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Thursday, January 27, 2022
WASHINGTON, Mar 9 2010 (IPS) - After U.S. Secretary of State Hillary Clinton’s January address on the role of internet freedom in U.S. foreign policy, the Barack Obama administration appears to be taking the first steps to introduce specific legislation and policies to exploit the role of the internet in opening up those countries ruled by oppressive or authoritarian governments.
On Monday, the Obama administration announced the implementation of exceptions in the Iranian Transactions Regulations, Sudanese Sanctions Regulations, and Cuban Assets Control Regulations for the export of online and social networking tools – such as Facebook, photo sharing and chat tools.
On Tuesday, Rep. Christopher Smith and Rep. David Wu announced the launch of the Global Internet Freedom Caucus, which aims to “promote peaceful free expression on the internet.”
The announcement by the U.S. Treasury that it would relax restrictions on U.S. companies seeking to export internet services and software to Iran, Cuba and Sudan was welcomed by companies that have sought to export internet technology but have been restricted by the Treasury Departments limitations on trade with these countries.
“As recent events in Iran have shown, personal Internet-based communications like email, instant messaging and social networking are powerful tools. This software will foster and support the free flow of information – a basic human right – for all Iranians,” Deputy Treasury Secretary Neal Wolin told reporters on Monday.
“At the same time as we take these steps, the administration will continue aggressively to enforce existing sanctions and to work with our international partners to increase the pressure on the government of Iran to meet its international obligations,” he said.
The internet search giant Google has been at the forefront of the battle between censorship and U.S.-based internet companies after its January announcement that it would no longer cooperate with Chinese internet censorship of its search results.
Bob Boorstin, director of policy communications of Google, told a Geneva human rights conference that the Treasury Department’s policy change was a “great step”.
“We are hopeful this will help people like yourselves in this room and activists all over the world take a small step down what is certainly a long road ahead,” said Boorstin.
Assistant Secretary of State Philip Crowley emphasised that the Treasury Department’s decision fell in line with the internet freedom speech delivered by Clinton in January.
“I wouldn’t say it’s directed specifically against one country. We’re working in more than 40 countries to help individuals silenced by oppressive governments. We think that internet freedom is a priority. And obviously, equipping these people with the modern tools of communication and technology is part of the universal principle that we will continue to support,” said Crowley.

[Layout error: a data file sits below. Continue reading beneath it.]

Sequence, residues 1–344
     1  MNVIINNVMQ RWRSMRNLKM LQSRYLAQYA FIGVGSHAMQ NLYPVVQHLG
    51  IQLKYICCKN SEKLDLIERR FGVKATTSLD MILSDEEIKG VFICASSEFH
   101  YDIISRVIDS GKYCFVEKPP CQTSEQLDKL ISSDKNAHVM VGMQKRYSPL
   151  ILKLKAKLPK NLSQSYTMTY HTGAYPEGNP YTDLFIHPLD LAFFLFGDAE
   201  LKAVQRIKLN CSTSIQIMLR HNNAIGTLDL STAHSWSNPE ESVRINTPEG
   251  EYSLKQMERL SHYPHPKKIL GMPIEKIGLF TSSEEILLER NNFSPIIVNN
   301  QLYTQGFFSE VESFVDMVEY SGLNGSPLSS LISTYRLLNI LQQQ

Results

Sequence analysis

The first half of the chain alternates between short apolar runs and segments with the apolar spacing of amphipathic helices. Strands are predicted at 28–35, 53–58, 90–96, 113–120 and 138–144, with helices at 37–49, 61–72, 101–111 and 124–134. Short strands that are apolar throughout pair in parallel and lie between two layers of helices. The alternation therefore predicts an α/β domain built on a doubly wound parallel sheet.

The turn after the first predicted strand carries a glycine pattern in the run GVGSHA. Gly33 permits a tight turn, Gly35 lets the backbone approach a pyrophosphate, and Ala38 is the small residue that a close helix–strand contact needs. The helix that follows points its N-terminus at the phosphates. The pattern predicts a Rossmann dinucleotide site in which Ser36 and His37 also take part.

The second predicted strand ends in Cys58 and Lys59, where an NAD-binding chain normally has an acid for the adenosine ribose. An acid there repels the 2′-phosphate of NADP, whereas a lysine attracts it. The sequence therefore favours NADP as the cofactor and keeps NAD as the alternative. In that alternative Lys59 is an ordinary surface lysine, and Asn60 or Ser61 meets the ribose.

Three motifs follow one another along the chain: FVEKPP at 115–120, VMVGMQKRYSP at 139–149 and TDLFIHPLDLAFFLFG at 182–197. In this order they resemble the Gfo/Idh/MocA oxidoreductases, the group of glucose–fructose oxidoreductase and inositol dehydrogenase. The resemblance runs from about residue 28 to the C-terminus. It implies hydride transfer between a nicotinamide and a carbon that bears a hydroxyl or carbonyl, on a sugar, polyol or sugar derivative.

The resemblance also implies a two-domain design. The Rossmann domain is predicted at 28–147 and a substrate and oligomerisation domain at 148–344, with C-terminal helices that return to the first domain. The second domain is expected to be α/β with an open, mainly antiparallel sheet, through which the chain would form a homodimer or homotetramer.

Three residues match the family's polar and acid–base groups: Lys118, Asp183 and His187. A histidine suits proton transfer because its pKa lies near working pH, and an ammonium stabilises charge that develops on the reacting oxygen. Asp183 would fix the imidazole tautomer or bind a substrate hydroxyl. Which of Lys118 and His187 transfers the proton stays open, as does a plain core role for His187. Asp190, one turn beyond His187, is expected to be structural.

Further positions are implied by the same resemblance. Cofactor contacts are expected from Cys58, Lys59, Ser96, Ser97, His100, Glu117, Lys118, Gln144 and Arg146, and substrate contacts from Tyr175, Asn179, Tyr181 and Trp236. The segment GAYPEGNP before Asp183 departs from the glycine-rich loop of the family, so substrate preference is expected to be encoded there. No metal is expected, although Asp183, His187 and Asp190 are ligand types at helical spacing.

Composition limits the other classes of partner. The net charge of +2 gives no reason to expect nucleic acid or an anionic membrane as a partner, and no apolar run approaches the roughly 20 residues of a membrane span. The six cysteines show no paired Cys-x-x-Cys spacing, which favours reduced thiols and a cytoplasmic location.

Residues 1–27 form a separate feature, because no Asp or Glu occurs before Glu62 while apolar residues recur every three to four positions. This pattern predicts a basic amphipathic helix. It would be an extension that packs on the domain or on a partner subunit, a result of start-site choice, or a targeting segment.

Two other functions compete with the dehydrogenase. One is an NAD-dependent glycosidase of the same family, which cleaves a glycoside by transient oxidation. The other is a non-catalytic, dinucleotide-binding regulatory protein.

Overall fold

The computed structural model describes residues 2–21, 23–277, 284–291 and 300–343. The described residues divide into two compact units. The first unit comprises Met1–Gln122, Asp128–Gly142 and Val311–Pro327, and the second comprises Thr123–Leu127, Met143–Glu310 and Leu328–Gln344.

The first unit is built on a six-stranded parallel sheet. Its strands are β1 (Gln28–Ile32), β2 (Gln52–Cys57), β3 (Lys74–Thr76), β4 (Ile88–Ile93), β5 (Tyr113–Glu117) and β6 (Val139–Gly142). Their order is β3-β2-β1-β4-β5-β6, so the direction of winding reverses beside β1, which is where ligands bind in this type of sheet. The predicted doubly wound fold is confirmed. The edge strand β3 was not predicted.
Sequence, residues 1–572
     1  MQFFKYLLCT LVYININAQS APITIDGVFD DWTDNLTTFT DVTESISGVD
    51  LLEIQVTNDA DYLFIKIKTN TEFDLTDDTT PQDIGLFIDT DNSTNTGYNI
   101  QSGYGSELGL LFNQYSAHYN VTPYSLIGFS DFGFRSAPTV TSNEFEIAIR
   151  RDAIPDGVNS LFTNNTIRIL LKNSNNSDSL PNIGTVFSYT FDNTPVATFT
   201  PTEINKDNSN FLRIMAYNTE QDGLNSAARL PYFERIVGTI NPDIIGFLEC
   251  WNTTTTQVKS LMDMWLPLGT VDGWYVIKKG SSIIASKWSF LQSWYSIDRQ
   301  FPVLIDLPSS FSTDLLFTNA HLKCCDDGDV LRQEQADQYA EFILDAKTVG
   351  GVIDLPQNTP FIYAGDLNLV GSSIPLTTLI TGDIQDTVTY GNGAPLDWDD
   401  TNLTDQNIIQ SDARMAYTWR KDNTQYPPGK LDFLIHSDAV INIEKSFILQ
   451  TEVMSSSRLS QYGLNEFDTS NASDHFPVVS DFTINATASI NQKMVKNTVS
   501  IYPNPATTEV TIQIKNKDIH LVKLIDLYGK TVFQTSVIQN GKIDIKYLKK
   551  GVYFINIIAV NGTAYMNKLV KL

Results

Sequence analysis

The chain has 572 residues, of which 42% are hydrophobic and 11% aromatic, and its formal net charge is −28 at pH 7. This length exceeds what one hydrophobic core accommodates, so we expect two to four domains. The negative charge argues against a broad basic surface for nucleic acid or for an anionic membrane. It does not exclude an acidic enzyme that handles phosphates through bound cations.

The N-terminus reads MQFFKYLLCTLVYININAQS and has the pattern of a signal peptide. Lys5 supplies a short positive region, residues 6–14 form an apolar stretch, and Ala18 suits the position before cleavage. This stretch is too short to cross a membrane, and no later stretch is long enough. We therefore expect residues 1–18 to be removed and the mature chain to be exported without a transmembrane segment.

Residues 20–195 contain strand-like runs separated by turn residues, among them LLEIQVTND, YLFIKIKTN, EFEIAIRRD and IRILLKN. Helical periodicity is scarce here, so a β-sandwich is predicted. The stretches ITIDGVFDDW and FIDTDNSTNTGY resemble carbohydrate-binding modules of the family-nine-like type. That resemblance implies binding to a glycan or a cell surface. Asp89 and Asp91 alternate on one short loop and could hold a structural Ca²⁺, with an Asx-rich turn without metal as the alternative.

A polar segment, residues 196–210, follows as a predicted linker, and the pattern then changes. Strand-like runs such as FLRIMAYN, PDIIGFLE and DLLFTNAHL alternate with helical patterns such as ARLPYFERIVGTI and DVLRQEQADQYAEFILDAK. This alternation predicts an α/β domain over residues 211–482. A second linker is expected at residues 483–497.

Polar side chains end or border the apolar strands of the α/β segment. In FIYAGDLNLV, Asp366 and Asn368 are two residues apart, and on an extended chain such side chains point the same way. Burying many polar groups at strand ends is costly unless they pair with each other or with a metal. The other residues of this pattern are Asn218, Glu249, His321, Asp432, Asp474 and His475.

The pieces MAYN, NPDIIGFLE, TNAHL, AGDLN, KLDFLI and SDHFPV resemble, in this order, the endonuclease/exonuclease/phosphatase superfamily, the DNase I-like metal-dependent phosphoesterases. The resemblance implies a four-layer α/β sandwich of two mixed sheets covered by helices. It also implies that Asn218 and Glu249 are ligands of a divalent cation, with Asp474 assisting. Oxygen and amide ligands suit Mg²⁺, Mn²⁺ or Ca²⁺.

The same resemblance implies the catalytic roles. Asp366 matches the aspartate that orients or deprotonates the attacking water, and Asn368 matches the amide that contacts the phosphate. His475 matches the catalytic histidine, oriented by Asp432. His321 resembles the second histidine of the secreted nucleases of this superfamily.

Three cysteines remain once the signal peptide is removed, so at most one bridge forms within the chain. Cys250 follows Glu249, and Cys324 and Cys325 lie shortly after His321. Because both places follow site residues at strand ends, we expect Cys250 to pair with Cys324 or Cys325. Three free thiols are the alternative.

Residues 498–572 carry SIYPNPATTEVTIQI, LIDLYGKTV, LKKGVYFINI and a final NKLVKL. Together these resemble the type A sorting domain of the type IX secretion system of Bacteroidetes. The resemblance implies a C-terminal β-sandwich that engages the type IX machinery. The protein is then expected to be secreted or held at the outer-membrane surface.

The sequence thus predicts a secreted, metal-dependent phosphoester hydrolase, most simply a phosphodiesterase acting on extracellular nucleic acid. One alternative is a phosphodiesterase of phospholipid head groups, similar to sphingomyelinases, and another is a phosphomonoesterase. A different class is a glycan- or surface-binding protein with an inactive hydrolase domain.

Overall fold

The Obama administration’s increasing focus on internet freedom as a foreign policy tool has been driven to the forefront by the crackdown on Twitter and Facebook after the disputed Iranian elections in June of last year and after Google announced that Chinese hackers had gained access to the email account of a number of human rights activists, journalists and diplomats.
While the Treasury Department’s announcement on Monday offered the most immediate changes to U.S. policy for U.S. internet businesses seeking to do business abroad, politicians and NGOs held a press conference on Capitol Hill today to unveil the Global Internet Freedom Caucus which will serve as a forum for members of the private and public sectors to develop ideas on how to promote online freedom.
“The caucus will educate members of Congress and their staffs about global Internet freedom issues. It will serve as a forum for members of Congress, the executive branch, and U.S. industry to discuss and debate ideas on how to enhance online freedom and address minimum standards of conduct for businesses that operate in very difficult environments,” said Wu at a Tuesday morning press conference.
The caucus’s kickoff was also attended by NGO representatives, including Human Rights Watch, Amnesty International and Reporters Without Borders.
“The caucus allows U.S. firms who are involved in any internet business with a repressive regime such as China, Iran, or other countries, to fight back if they get a request from the repressive regimes to censor content or give personal data,” Clothilde Le Coz, Washington director of Reporters Without Borders USA, told IPS.
In addition to launching the Global Internet Freedom Caucus, Wu announced that he was introducing legislation, the Internet Freedom Act of 2010, to establish the Internet Freedom Foundation to advocate for the development of technology to combat internet censorship and to educate about Internet freedom.
On Wednesday, the House Foreign Affairs Committee will hold a hearing in which Google executives will testify about the company’s January decision to end the censorship of its search results in China.
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